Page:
Carl Nielsen had an exceptional understanding of the nuances of woodwind instruments, and when playing the parts he wrote for flautists, the affection is almost palpable. Towards the end of his composing career, he thought of different orchestral instruments as having distinct personalities, and composed their interactions accordingly. While Nielsen may have once said that “the composer has had to follow the mild character of the instrument” (source: The Carl Nielsen Society), and while there were certainly periods in his Flute Concerto in which the flute floats tranquillo above the rabble, there are also moments of impatient spikiness, and the liquid, sinuous cadenzas - as played by LSO principal Gareth Davies - contained bursts of fire. The concerto is not in the traditional form of a soloist with orchestral accompaniment; the solo flute moves around engaging different groups and individuals in conversation like the host of a party, chatting with an amiable clarinet, cheering up a grumpy bassoon, drawing out a shy solo viola, refusing to be annoyed by the interruptions of a rather drunk bass trombone, and occasionally calling the room to attention with, for example, a series of high trilled Fs. The dialogue passages worked extremely well, as one might expect when the flute soloist is playing with real-life friends and colleagues. Another important characteristic of this piece (and, perhaps Nielsen’s conception of flute-as-personality) is its ambiguity: there are threes against twos, and D minor on top of E flat within the first few bars, and many of the composer’s trademark alternating major/minor tremolos. In some hands the superimpositions can be jarring and the tonal ambiguity floundering, but Xian Zhang’s supple touch managed to convey feelings of both security and freedom.
Davies is well-known not only to flute aficionados but to many more, through his writing for LSO On Tour, which manages to be one of the most consistently entertaining music blogs on the internet, while also providing genuine insight into both the music and the lives of working orchestral musicians. In this spirit of communication and engagement with new audiences, not content with simply performing a flute concerto, earlier in the day he gave a workshop on it for young flautists, that they might better understand and appreciate the work when they came to hear it. The Barbican seemed full of enthusiastic young people with flute cases slung over their shoulders, and I imagine both Davies and Nielsen have a host of new fans.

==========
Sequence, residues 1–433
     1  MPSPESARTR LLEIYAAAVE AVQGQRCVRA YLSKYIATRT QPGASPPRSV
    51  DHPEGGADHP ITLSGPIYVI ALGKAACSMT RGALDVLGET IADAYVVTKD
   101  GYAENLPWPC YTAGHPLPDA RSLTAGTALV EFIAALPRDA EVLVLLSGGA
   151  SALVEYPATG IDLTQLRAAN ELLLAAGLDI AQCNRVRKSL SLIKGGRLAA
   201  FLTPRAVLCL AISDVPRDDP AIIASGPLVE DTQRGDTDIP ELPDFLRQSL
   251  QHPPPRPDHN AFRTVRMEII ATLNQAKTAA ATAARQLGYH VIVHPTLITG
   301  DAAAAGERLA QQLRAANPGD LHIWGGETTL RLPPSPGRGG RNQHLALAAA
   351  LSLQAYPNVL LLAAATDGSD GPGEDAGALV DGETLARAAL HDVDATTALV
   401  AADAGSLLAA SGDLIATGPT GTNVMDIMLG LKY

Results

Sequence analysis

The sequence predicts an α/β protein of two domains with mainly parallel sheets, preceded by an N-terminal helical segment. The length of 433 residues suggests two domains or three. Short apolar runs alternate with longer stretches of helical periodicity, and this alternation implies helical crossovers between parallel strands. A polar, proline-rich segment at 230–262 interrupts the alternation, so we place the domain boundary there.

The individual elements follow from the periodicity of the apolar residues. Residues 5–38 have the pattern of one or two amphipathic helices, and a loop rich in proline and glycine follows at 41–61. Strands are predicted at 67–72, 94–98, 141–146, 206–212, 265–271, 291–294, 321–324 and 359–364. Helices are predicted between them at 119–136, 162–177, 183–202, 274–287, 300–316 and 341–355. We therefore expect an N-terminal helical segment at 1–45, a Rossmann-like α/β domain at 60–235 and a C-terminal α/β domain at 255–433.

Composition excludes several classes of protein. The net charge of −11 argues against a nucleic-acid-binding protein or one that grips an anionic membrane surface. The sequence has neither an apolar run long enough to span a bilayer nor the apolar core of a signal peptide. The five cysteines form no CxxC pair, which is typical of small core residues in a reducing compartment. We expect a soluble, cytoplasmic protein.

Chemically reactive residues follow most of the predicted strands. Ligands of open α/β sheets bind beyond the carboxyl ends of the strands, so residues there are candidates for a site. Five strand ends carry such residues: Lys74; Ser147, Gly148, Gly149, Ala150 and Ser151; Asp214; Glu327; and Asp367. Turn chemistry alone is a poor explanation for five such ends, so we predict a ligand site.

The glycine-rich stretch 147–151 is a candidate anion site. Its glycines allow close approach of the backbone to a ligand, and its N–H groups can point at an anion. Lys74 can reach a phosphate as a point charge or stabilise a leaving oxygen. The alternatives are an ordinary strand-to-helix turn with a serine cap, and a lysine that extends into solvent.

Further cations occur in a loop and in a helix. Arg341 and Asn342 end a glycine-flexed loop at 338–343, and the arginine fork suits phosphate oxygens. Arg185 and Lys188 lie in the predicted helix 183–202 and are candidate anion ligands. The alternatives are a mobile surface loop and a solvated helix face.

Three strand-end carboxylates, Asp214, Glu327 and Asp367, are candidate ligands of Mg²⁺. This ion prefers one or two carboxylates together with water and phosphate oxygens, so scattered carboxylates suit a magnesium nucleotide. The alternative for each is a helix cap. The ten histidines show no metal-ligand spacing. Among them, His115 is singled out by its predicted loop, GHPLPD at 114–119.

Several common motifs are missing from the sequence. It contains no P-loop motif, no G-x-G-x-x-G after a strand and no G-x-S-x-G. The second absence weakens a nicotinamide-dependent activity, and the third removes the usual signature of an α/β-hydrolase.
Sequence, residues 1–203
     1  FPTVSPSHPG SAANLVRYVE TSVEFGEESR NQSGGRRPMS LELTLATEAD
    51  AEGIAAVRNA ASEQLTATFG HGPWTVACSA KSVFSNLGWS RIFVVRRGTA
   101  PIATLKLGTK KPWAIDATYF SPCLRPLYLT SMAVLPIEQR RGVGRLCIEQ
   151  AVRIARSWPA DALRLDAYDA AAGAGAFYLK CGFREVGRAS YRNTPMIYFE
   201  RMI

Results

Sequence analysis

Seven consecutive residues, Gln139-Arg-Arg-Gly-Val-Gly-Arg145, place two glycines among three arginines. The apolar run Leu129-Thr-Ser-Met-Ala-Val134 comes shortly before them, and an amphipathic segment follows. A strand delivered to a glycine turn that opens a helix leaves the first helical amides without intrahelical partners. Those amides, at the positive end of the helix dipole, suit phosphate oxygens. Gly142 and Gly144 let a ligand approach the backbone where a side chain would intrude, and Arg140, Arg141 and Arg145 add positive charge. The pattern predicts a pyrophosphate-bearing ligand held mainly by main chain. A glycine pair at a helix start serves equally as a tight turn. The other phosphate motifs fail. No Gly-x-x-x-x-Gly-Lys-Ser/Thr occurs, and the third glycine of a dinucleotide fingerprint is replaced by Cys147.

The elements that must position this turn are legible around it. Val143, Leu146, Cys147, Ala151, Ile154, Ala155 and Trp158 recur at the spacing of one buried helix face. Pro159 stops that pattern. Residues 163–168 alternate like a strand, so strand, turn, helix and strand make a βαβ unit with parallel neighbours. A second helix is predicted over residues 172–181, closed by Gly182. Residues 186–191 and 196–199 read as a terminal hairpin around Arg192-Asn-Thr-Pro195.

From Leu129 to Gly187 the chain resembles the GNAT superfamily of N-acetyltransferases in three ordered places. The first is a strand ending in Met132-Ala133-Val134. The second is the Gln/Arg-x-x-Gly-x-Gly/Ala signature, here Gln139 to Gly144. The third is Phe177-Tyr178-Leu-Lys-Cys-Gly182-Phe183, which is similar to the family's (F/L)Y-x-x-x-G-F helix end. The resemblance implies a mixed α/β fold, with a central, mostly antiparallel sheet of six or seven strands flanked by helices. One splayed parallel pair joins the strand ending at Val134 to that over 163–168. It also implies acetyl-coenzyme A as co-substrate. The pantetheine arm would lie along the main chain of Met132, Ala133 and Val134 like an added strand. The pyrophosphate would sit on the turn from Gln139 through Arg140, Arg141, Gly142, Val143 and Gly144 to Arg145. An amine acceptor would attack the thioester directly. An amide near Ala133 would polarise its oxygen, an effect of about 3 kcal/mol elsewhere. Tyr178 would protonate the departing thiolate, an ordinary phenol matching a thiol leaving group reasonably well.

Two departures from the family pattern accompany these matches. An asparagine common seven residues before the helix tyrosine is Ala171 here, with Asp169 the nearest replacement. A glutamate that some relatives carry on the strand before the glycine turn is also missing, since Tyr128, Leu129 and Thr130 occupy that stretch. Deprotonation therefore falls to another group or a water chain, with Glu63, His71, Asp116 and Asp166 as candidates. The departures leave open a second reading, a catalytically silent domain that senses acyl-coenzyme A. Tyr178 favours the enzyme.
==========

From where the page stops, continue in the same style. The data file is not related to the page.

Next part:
Zemlinsky’s Die Seejungfrau (The Mermaid) was inspired by glamorous socialite and promising composition student Alma Schindler. Did he picture Alma as the beautiful watery heroine of Andersen’s fairy tale? Quite the contrary: as Alma had just rejected him (in order to become Frau Mahler), it is more likely that he identified with the unrequited passion of the unfortunate title character, who sacrifices her tongue and voice to a magic spell in order to become human, only then to see her prince marry another. Fortunately, Zemlinsky was not required to sacrifice his compositional voice in the pursuit of love, and The Mermaid – while not a resounding success on premiere, and subsequently lost for more than half a century – has in the last couple of decades gained popularity and steadily made its way into the orchestral repertoire. The music does not follow the story line for line, but depicts many of the key aspects – the ocean setting, the storm that shipwrecks the prince, a ball at the mer-king’s palace. Overall, I found this the least compelling of the three pieces in this concert, although many parts were superb. The great range of colours and textures produced by the LSO worked extremely well in the sound-painting of seascapes: swelling waves from the lower strings and ripples from the upper, slippery sea-creatures from the cor anglais and bass clarinet, and flecks of foam from the flutes. Zhang whipped up a furious storm scene, her feet sometimes leaving the podium in the process. Unfortunately, in the thicker-textured, lusher sections the sea tended rather to turn to syrup and the rolling waves had a touch of sea-sickness.
The world of Bartok’s pantomime-ballet The Miraculous Mandarin (after a story by Lengyel) could hardly be more different: somewhere in a big city, three thuggish tramps use an attractive young prostitute accomplice to lure men to a room in order to mug them. Their first two ‘catches’ are poor themselves, and so thrown out as worthless, but the third – to their delight – is a rich Mandarin. However, when, consumed with lust, he throws himself at the girl, it transpires that he is impervious to blows (as well as to suffocation, stabbing, and being hung from the light fixture). Only when she finally allows him a free and unresisted embrace does he regain his mortality and die. Unlike the Zemlinsky, there is no evidence that the choice of subject matter was inspired by any event from Bartok’s own life. This performance of the 1926 Suite from the ballet was simply one of the best that I have heard. The urban cityscape of the opening minutes was like being plunged into the centre of a giant machine of clanging metal, pumping pistons and dangerously sharp edges. This intensity and physicality continued throughout, including the seductive dances from the clarinet, and the hammering finale. All in all, Zhang and the LSO gave a performance which brought out the many colours and textures of a varied programme, and in the process brought to life a host of interesting characters.